Enterprises often restrict their privacy management strategy to customer data only. Though it is the personal data of employees, spread across the entire company that may be causing the real challenge. Chris Brockmann, CEO of eccenca, explains how enterprises can master this complexity problem.
When the General Data Protection Regulation (GDPR) came into effect, adhering to its rules was probably one of the most dreaded tasks for every company. Today, many initial fears seem to have proven unnecessary. Initiatives that had started with ambitious goals have lost steam. The general public has not flocked to your inquiry website. And you may not have heard much from the call center you had deployed to handle subject access requests. In fact, you already may have re-purposed staff previously dedicated to managing GDPR compliance.
At first glance, this sounds like the GDPR has become the toothless animal some of us had hoped for all along. But not so fast! During the past few months, the GDPR has surfaced at a point, where most of us had not expected: Negotiations about severance payments. Of course, many organizations have employee agreements in place intended to take the sting out of data usage regulations. But laid off employees come to court with their homework done and done well.
How about your Employee’s Data?
There is one aspect of employee data your agreements could not fix and will never fix. It is the right to request erasure of data after termination of employment.
As we can all imagine, terminated employees are not your happy campers that are asking for their data out of curiosity. Former employees might carry vengeance and frustration. Often, they also have enough insight into your company’s internal workings with data to make your GDPR fire squad go ballistic. And the complexity of it does not stop here.
Personally identifiable data from customers and suppliers might be spread over a handful of disparate applications. But at least it can be clearly attributed to a specific subset of processes. With employee data, it is an altogether different story. Personally, identifiable employee information is literally everywhere. Just remind yourself that software generally logs the names of the creator and the several editors of a data set, process or document in its metadata. There really is no escape.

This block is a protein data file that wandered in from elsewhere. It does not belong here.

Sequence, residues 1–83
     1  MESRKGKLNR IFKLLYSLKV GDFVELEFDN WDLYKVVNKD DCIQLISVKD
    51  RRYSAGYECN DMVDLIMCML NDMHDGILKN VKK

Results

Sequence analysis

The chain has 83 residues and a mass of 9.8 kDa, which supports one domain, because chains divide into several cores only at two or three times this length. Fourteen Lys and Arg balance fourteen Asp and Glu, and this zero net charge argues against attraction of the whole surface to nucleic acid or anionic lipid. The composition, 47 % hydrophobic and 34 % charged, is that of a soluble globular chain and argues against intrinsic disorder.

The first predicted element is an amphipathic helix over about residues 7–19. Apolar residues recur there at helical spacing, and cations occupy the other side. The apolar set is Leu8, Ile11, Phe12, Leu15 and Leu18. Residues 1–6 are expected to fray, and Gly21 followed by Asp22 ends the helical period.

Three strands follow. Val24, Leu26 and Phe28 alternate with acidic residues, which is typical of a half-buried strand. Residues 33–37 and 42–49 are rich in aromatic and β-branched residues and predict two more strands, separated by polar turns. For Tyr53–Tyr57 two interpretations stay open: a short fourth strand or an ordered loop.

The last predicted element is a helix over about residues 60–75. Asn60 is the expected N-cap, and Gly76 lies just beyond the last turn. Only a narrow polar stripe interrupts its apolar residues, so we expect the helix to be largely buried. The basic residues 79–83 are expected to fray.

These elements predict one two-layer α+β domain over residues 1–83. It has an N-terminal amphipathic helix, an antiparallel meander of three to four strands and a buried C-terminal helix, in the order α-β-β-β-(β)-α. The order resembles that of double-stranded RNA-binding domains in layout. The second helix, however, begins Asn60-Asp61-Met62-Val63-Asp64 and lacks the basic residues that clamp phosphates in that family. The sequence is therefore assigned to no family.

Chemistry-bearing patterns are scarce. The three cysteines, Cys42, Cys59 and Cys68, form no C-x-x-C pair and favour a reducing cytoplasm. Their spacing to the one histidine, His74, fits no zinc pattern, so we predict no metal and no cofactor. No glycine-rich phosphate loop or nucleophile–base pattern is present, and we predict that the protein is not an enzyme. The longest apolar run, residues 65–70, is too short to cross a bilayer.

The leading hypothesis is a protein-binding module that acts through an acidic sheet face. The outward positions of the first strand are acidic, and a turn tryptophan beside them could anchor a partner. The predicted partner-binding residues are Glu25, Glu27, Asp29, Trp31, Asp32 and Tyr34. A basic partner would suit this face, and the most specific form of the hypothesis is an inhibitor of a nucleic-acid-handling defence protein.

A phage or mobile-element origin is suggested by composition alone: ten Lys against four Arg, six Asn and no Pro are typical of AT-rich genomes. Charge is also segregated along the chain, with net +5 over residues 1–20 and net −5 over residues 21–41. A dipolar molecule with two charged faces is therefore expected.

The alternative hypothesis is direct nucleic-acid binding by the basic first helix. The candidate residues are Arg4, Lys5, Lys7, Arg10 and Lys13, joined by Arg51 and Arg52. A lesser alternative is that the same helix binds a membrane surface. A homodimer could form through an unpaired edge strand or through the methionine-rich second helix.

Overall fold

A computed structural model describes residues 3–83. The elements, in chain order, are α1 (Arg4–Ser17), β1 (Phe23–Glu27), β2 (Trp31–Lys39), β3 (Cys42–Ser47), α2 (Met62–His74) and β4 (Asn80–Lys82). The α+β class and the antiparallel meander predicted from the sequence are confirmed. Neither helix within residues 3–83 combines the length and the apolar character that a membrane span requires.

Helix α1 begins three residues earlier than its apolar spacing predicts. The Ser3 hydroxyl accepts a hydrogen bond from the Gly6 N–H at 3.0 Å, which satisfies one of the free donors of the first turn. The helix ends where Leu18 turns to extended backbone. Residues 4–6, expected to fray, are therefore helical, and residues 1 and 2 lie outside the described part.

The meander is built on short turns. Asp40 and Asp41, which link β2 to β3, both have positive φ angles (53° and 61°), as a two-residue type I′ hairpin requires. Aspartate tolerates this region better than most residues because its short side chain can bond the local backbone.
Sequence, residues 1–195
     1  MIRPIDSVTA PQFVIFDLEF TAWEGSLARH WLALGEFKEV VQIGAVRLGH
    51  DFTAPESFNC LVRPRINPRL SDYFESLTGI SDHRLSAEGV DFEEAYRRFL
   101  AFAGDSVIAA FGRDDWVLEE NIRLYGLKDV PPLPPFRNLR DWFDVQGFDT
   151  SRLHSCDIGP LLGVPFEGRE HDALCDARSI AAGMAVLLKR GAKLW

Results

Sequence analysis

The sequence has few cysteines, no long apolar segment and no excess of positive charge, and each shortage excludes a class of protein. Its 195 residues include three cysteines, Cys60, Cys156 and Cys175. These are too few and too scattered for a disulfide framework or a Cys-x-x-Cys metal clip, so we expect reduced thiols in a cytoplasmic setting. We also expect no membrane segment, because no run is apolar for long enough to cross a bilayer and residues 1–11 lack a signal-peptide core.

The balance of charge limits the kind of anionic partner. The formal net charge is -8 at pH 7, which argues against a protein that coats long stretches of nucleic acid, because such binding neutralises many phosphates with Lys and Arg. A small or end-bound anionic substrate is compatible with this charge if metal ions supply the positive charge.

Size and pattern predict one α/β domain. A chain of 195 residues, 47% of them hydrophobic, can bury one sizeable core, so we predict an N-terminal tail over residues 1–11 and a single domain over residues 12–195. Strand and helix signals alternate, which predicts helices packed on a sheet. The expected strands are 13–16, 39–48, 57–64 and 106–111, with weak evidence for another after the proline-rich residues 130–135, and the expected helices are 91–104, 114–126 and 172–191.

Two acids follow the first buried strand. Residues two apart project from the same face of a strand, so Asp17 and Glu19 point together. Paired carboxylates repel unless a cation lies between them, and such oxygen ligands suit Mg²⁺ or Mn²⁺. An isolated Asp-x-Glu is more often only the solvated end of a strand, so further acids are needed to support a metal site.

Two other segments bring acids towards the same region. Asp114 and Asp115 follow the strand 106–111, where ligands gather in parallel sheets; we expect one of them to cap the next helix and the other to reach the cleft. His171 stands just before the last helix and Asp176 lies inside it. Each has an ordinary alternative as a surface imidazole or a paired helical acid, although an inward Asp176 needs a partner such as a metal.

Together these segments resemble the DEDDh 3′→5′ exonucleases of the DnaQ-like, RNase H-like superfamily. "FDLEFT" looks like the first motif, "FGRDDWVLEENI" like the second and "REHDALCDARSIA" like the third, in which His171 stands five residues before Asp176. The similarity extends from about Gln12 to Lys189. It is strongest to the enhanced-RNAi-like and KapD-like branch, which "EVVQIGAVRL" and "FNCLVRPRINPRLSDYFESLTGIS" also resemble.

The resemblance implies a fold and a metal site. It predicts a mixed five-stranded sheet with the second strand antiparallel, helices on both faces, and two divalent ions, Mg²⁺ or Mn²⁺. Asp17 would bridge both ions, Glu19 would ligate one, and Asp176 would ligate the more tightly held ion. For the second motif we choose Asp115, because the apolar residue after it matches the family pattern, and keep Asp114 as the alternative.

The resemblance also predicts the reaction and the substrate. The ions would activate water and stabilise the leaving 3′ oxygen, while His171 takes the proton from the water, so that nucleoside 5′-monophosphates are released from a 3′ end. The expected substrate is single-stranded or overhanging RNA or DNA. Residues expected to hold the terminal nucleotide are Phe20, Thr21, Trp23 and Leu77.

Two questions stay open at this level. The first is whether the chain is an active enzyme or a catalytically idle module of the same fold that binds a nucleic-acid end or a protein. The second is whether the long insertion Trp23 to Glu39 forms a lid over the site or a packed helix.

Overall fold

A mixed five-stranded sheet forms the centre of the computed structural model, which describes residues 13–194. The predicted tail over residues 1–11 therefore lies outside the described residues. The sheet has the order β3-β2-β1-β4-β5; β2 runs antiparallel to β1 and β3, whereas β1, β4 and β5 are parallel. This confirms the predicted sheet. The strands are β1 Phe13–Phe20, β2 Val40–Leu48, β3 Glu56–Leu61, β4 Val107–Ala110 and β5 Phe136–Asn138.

Do you have scalable plans and processes in place to deliver GDPR compliant deletion and documentation that is sustainable in court? Or is it your plan to sit it out and pay the price that might add up to 4 percent of revenue? Sure, so far nobody has ever been fined that amount. But erasure management could well turn out to be the “death by a thousand needles” for any organization. After all, managing the deletion of data is a complex problem that is by no means limited to employee data.
A Graph-based Solution can help cut through the Complexity!
Let us assume you already attach broad and well-designed legal stipulations to your employment contracts. But this does not ease the pressure on being able to report on where personally identifiable data is stored and processed throughout your company. Apart from the legal strategy, you need a systematic, technology powered approach to data governance that provides a solid footing when push comes to shove.
In a nutshell, your approach should at least include:
- a central catalog of all systems,
- a central catalog of all processes and its processing purposes,
- a central catalog of the legal basis, legitimation and your retention policy,
- an integrated index that allows you to identify personally identifiable data on the subject level as per each of the above,
- automation of documentation and reporting on your actions taken,
- an active governance and observation system that reports data once its legal retention period expires (scarcity requirement)
Enterprises often Restrict their Privacy Management Strategy to Customer Data only. Though it is the Personal Data of Employees, Spread Across the Entire Company that may be Causing the Real Challenge
What sounds like squaring the circle is far from being impossible. As a software vendor that helps its customers master complexity in a fully digitalized world, eccenca is specializing in projects where data sources are abundant, black boxed and heavily siloed. We found that using knowledge graph technology provides the transparency needed to evaluate, manage, visualize and link data across a company’s disparate IT landscape. Our graph-based approach also provides the web-scale versatility and scalability to expand documentation as your challenges grow and change.
In terms of the GDPR, the knowledge graph approach gives your organization the means to establish sound documentation of personally identifiable data and puts it into context with applicable governance rules. Thus, the eccenca solution enables you to fully document, automatically validate and systematically trigger GDPR compliance processes. After all, litigations will always cost you more than the effort to employ an automated compliance management solution.